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Attorney General Van Hollen Meets With Barron County Leaders At Law Enforcement Roundtable Hosted By State Senator Bob Jauch And State Representative Mary Hubler

 

BARRON - Attorney General J.B. Van Hollen met today with law enforcement leaders, elected officials, community leaders, judges, and public safety officials from throughout Barron County at a law enforcement roundtable hosted by State Senator Bob Jauch and State Representative Mary Hubler.

 

Topics discussed at the roundtable included the need for additional funding for prosecutors, increased penalties for repeat drunk drivers, Restorative Justice Programs and the need to clarify legal questions that arise with the use of video conferencing when it comes to court proceedings.

 

"I would like to extend a thank you to Senator Jauch and Representative Hubler for organizing this successful roundtable. I would also like to thank all of the participants for attending and taking part in the discussions. Every county and community in Wisconsin faces different public safety challenges," said Van Hollen. "Having the opportunity to listen to local law enforcement, community leaders and elected officials from Barron County lends itself to a meaningful dialogue as to how the Department of Justice and state government can better assist Barron County."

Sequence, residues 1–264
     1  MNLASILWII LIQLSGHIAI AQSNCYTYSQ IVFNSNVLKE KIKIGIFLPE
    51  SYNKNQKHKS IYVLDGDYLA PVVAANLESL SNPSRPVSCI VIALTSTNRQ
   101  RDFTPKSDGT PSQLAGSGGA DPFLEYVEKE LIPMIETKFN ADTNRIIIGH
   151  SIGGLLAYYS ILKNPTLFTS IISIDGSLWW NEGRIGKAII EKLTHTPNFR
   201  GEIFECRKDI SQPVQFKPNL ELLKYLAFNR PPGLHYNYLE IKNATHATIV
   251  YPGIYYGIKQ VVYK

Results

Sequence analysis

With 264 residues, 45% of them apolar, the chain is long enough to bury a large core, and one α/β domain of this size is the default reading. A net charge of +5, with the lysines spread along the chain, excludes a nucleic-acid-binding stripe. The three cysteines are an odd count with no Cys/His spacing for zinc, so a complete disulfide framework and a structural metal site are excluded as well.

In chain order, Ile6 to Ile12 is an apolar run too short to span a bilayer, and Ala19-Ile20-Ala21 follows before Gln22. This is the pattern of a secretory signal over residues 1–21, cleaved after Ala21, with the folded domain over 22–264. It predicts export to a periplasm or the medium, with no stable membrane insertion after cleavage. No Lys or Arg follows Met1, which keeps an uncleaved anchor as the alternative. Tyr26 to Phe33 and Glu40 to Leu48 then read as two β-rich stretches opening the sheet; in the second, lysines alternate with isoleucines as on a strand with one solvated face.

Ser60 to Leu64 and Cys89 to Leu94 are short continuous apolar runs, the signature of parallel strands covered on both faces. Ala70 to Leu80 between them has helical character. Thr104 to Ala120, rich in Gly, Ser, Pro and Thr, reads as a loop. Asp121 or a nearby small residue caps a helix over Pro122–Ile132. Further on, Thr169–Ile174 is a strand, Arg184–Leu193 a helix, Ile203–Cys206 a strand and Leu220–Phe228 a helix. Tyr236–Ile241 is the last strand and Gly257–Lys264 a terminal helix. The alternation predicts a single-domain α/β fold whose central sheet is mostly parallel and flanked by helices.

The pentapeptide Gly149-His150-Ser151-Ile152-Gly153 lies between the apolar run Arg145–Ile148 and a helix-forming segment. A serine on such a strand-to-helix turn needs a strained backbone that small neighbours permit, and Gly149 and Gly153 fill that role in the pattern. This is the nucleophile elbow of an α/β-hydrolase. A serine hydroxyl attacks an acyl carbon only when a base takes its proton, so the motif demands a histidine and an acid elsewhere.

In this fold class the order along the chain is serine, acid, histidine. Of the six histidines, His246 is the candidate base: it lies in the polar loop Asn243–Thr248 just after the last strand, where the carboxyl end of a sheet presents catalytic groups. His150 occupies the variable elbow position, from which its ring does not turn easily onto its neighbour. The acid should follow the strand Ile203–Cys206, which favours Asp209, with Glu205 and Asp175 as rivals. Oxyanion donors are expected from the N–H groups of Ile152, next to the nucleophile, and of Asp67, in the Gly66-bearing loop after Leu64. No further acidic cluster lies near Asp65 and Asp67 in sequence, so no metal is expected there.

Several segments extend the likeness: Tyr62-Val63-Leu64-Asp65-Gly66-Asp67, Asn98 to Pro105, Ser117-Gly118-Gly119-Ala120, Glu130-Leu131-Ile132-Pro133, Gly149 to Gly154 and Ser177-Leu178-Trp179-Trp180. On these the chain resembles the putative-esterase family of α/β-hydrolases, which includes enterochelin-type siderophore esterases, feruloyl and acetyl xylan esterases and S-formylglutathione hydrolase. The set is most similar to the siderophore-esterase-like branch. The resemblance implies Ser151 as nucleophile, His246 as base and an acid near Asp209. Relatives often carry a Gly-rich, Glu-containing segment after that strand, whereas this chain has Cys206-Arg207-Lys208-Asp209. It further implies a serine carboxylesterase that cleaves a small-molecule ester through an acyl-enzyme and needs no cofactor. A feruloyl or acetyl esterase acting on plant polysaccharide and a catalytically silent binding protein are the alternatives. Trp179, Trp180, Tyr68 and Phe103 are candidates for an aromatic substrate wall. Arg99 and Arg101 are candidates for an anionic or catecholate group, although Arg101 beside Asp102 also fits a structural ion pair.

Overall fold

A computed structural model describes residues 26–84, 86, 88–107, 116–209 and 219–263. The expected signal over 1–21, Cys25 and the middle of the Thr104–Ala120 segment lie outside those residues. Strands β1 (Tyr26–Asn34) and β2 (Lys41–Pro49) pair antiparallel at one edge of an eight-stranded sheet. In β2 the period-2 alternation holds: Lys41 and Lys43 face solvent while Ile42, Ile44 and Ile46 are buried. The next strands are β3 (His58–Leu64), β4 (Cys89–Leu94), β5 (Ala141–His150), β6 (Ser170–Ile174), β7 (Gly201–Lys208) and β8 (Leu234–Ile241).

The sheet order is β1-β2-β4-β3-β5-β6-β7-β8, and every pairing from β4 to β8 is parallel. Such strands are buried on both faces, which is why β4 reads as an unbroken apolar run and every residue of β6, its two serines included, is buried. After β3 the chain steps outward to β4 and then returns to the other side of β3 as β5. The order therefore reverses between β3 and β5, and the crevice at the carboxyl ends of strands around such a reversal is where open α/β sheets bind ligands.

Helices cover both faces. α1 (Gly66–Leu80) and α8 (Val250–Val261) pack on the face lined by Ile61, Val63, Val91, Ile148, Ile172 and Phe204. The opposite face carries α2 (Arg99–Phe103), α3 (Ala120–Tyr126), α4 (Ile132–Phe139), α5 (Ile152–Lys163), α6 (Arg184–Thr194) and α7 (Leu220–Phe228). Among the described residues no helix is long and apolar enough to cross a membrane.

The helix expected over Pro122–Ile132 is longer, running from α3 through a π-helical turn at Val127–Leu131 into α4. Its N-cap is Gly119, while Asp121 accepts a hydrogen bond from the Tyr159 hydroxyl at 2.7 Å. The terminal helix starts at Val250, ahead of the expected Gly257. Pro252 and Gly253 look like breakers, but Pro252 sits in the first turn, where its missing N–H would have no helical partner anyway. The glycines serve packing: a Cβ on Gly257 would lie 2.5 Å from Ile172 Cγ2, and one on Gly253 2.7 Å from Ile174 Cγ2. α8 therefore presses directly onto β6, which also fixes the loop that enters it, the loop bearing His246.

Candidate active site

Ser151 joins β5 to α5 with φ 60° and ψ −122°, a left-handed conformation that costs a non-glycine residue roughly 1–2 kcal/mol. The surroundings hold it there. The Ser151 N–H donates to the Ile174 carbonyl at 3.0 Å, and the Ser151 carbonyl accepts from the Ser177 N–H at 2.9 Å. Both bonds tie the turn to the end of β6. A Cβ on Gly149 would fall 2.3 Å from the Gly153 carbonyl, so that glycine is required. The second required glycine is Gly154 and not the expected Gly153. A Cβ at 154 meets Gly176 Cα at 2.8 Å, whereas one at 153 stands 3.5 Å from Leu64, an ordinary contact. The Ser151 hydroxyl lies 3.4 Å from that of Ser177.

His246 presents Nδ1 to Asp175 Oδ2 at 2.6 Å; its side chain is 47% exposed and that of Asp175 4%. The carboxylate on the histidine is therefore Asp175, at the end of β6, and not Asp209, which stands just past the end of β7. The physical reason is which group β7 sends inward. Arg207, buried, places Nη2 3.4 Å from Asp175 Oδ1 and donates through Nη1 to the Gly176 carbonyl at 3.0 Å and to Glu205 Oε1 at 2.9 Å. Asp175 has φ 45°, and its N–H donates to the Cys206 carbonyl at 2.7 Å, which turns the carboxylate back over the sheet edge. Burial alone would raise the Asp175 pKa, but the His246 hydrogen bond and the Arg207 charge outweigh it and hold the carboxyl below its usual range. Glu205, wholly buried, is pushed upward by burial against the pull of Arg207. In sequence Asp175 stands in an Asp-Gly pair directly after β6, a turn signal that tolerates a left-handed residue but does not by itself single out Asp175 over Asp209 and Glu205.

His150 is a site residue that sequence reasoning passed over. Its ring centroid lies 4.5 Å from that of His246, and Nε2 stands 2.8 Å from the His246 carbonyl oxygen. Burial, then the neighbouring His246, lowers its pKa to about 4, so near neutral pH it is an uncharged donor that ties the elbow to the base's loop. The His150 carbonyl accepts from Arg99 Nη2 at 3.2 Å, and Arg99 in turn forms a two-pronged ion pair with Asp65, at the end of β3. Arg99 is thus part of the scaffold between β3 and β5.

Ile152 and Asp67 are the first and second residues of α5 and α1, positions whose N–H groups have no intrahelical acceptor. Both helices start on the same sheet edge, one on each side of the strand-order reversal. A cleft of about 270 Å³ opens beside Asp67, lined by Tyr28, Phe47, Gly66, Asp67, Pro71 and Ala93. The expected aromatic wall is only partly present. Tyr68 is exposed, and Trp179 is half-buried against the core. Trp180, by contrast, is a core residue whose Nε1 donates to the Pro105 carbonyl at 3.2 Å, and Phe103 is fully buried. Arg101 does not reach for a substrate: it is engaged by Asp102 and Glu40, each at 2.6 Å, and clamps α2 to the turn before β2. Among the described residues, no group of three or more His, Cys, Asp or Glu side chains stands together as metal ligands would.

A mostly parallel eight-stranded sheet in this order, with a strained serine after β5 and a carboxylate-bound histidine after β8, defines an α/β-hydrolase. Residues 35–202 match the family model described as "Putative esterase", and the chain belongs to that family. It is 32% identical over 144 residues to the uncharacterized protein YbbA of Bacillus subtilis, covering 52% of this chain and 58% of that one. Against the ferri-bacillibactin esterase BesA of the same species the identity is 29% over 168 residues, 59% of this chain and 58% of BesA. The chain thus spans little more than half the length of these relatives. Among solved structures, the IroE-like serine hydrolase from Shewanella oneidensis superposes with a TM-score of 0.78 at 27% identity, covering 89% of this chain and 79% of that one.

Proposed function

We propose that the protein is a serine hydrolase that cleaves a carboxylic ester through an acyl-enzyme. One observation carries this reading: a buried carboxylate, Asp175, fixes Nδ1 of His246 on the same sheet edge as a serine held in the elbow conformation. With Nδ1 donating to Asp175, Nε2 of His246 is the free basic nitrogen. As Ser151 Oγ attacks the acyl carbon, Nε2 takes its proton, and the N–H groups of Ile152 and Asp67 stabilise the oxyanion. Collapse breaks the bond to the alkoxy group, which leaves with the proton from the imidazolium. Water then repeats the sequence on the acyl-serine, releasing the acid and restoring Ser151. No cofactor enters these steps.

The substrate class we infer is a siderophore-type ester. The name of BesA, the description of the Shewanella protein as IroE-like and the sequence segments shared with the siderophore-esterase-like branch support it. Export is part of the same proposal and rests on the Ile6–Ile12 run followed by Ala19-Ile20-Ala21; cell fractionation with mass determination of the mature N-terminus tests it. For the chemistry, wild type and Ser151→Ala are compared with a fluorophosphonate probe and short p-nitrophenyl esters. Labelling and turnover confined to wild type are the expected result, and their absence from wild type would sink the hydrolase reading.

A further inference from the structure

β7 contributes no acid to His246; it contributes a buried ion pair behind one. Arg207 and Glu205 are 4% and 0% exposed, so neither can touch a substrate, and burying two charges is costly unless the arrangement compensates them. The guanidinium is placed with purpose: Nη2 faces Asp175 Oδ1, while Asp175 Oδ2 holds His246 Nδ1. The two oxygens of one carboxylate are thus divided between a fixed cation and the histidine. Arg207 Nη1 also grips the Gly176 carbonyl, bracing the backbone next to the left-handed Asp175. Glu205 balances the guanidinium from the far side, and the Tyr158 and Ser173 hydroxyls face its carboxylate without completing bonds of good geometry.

"Local law enforcement's primary responsibility is to keep citizens safe and secure and they cannot do it alone. It is crucial that the State provide the resources and technical assistance to assure local officials are capable of confronting the increased challenges they face here in Barron County and throughout northern Wisconsin," said Jauch.

 

"This was a great opportunity for members of the Barron County law enforcement community, the court system and other area leaders to discuss subjects of common interest with their legislators and Attorney General Van Hollen," Representative Mary Hubler said. "Cooperation and communication between state and local government is essential to confronting criminal justice issues statewide."

 

"Protecting public safety is a priority of state government, and meetings like these help state government do a better job," said Van Hollen.